Today's book of poetry:
THEME OF FAREWELL AND AFTER - POEMS
Milo De Angelis. Edited and translated by Susan Stewart & Patrizio Ceccagnoli. The University of Chicago Press. Chicago & London. 2013.
These tight translations reveal Milo De Angelis, one of Italy's most important living poets, in splendid and somewhat sadly melancholy splendor. Susan Stewart and Patrizio Ceccagnoli, the translators, have found that elegant space between languages where syntax and sensibility are shared. There is nothing foreign about this voice.
V. Hotel Artaud
You greet me, you put your bra back on, you feel
you can lose the terrestrial code, demolish
the nucleus, collapse into darkness. You go toward the shower.
You remind me of a top score in a gymnastics exercise,
the skin's Spring, a perfect diagonal.
You take a hairpin out of the nightmare, you fix
your hair, put on the shower cap, you ask only
to be spared.
Here we stand, separated by our gestures. You block
the flow of seconds with a groan. We compose
the old rhyme and right away we fall down. The walls
stay there, stained with mascara.
Dawn's angel looks at you, naked and taciturn.
The key flickers in the breath. Every door,
every lightbulb, every splash of the shower they say
that the alliance has split apart.
You stand up and dive, you want to swallow life
and you summon the moon's flower, the great
obscure hosanna that gives every pleasure
to lovers. You summon the unison of bodies
and the spark, reawakened, the blood in turmoil,
the shoulders in the absolute. Outside signs of diesel oil,
suspension cables, pieces of requiem. You feel the menace
until the screeching of the sheets. You ask me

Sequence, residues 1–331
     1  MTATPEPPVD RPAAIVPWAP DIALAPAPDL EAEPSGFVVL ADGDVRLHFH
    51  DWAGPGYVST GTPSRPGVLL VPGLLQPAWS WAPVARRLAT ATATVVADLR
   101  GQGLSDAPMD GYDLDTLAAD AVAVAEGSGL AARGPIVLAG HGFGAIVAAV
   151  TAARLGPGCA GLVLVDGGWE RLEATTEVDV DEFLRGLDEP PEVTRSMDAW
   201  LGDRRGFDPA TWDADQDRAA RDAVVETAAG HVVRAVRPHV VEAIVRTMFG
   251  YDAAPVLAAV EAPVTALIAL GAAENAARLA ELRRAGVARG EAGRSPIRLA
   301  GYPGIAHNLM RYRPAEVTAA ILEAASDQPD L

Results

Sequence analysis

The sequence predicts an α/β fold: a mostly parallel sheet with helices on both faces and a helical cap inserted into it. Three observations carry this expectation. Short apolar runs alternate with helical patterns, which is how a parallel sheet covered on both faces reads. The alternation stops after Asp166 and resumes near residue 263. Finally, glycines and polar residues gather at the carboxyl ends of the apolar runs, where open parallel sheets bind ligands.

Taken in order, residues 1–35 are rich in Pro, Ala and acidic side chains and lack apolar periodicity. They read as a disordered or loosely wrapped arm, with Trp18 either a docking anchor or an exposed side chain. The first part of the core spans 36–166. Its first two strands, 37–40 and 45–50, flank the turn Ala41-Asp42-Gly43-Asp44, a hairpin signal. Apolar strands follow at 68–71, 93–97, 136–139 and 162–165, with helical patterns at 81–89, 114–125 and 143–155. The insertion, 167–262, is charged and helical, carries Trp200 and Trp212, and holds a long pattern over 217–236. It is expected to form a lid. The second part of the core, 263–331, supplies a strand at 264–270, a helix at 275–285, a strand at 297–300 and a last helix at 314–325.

if they will come here, if we still will be able to save ourselves.
In the final feats of strength, in the tender lips
in the impulse that doesn't turn into speech, you look for yourself
and you devour yourself, you rise to the surface, scratch, cling
crying that this is the eternal good, that the stars
catch fire on the forehead, that we'll remain
here forever. I answer that every dwelling
recedes from those who live in it, that this is our
Divine and absent-minded, carried along by a soft breeze,
you lie down, fiddle with the sheets, you pretend,
whisper, pull faces, repeat that the night
is enchanting in Brera. Every silence is dispelled,
everything speaks a language of lace and melodrama,
a cunning spell, a solo that ends
at the hot pants' hem.
We took one another down, breathless and circumspect faces,
above a floor tile, measuring the breath,
checking the fingerprints, kissing
the surrendering throat, the kneepads
of a judo match, the kimono, the defeated shoulders, the sound
of the forgotten moment, the certainty of having
made a mistake in the translation.
When on a beloved face you catch a glimpse of the sign
of too many seasons and a vein, much too dark,
stretches out into the room, when life's
cuts well up, a host of them, and the blood slows
inside the wrists that we've held tight until dawn,
it's not only there that the swelling current
stops, then it is night, it is night on every face
we have loved.
These poems are sad business as De Angelis writes through the loss of his wife, writer Giovanna Sicari, with insight and tenderness.
How does one fight an unvanquishable foe? How to face loss, live with it. Milo De Angelis takes us swimming in this deep, turbulent water.
II. The Siege's Ending
This was how it started, between the ruins
and the wheel of fortune.
Love was silent as a conspiracy
no one could tell if life was immense
or nothing, if time was flooding
beyond the hills or if a revered
god blocked the growth of any gesture or blocked
the blackberries' sweetness at the lips.
Night leaves the hands,
the irresistible space spreads like wildfire, the space
that seemed to surround
this sheet of paper. The piazza shifts.
There is no circle showing where to stop, no full
name to be chanted on the lips. The apple
gets mixed up with time. Every sentence
turns into a lost line, sign of a time.
precisely. Life, with its
lost pivot, floats vaguely
along the streets, thinking
of all the love that's been promised.
What does it expect from me? Where
is the heartbeat of the forsaken? Is this
the mysterious destination of all
Home turns away
from the house, everything
is surrendered to the obvious
end, everything has fled...
...but the syllable
that gripped the throat
The motif of the great awakening tolls
in the voice of the taxi driver trolling the avenues